Race director Michael Masi says having a permanent stewarding panel in Formula 1 could potentially lead to “perceived bias” against drivers or teams.
The stewards change race by race in F1, with Masi saying the overall pool of people stewarding are kept in the loop with every detail and decision made by the FIA so they do not miss out on any information.
But the Australian feels the current system of rotation is of most benefit to the drivers and teams, as the impact of a permanent steward in the long term could lead to accusations of being biased towards certain people – even if that is not intended.
“I think you’ll find, and there was some wise words about those that operated under a permanent stewards’ panel, thinking there was perceived bias when there was a permanent steward,” Masi said, quoted by Speedcafe.
“I think the stewarding we have now with the pool of four chairmen, that we shared the pool of driver, stewards and all of that, the way all the chairmen meet regularly…
“We need to take a step back and remember it’s the first time in a long time we are in a real championship fight between two amazing drivers, two fantastic teams.
“As a regulator, last time I saw, there’s no regulator in the world that will be popular.
“Regardless if you’re a referee, if you’re a regulator of any sport, that’s part of the role we fulfil, and from our perspective there will always be slight differences. But at the end of the day, the stewards are there to make those [decisions].”
The stewarding process has been in the spotlight in Formula 1 in recent weeks, with lengthy decision-making processes surrounding Lewis Hamilton’s exclusion from Sao Paulo qualifying results as well as grid penalties for Max Verstappen and Valtteri Bottas in Qatar.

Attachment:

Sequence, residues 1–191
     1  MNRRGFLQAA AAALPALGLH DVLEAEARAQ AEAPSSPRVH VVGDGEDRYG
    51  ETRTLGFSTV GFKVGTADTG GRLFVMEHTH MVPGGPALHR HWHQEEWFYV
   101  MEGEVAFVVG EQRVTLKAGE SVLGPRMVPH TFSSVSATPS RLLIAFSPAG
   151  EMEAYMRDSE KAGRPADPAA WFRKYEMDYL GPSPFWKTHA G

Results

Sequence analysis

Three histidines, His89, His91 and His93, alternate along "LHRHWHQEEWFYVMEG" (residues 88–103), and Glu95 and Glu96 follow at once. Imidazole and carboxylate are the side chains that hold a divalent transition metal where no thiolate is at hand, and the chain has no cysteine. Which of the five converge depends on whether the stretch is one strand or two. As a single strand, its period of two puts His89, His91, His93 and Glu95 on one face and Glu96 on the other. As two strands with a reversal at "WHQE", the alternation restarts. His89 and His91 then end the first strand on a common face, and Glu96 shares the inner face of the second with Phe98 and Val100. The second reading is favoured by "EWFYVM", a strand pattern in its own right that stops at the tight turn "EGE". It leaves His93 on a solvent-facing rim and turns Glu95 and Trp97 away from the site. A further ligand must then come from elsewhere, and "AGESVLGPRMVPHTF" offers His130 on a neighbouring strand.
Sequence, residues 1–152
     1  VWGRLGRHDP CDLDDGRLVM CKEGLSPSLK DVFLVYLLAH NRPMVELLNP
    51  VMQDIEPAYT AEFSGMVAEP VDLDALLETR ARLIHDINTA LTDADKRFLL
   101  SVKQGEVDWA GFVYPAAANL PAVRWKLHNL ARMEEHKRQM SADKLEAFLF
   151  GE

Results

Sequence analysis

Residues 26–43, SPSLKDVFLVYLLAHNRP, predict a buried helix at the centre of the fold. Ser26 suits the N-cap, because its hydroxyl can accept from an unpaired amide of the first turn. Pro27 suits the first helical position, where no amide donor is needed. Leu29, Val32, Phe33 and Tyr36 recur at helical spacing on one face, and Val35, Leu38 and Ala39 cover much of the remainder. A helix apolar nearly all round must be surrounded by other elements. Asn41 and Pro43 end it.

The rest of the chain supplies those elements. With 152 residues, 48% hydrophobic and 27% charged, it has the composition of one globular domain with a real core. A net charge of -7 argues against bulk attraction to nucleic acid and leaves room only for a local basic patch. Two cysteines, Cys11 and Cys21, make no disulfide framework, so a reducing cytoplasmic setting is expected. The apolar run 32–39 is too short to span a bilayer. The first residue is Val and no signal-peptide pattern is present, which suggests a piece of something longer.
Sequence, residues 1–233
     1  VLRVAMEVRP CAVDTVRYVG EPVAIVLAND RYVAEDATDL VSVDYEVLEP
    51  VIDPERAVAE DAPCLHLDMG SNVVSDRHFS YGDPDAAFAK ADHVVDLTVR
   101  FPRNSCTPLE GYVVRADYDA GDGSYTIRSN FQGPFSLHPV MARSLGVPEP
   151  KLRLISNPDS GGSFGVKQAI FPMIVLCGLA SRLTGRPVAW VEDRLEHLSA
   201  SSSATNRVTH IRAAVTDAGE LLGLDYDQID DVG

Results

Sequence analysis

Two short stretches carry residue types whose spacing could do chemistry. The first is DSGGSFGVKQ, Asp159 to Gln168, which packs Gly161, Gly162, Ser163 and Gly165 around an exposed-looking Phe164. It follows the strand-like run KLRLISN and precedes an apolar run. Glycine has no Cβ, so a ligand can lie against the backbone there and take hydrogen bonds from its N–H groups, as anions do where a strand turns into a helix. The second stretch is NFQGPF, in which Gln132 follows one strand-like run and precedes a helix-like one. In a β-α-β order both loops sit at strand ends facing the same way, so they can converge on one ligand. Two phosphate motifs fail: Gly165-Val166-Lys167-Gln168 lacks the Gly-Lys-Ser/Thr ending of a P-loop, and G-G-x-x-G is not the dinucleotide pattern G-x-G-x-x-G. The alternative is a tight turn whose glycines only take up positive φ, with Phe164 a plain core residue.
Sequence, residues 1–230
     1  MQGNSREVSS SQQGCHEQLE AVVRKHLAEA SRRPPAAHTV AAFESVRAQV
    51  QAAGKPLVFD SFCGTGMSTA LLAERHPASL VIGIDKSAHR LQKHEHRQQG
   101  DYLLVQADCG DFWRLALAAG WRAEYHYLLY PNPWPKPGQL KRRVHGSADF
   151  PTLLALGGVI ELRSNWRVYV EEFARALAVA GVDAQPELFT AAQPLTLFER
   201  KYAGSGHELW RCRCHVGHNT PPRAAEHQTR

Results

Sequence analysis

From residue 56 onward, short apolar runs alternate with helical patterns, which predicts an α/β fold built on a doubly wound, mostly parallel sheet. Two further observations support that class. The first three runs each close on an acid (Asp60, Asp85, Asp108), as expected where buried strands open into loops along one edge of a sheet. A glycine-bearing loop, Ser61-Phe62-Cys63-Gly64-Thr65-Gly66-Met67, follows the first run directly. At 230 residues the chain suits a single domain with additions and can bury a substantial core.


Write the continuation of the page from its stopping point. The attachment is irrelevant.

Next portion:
They came under the most scrutiny, however, when they ruled against investigating Verstappen’s defence against Hamilton at Interlagos, which ended with both drivers running off track.
But Mercedes team principal Toto Wolff came to the stewards’ defence, saying the demands of the job should be properly recognised.
“They are under so much pressure,” said Wolff.
“I wouldn’t want to say about any stewards that they are good or bad because I wouldn’t want to be in a steward’s seat, because somebody will always complain.
“I think being a steward is a professional job and it should be well paid – the pressure should be rewarded.
“Whether it’s a permanent institution I don’t know, but in any case the best people should be doing it.
“And I think we’ve seen many, many good stewards and I still trust in any outcome.”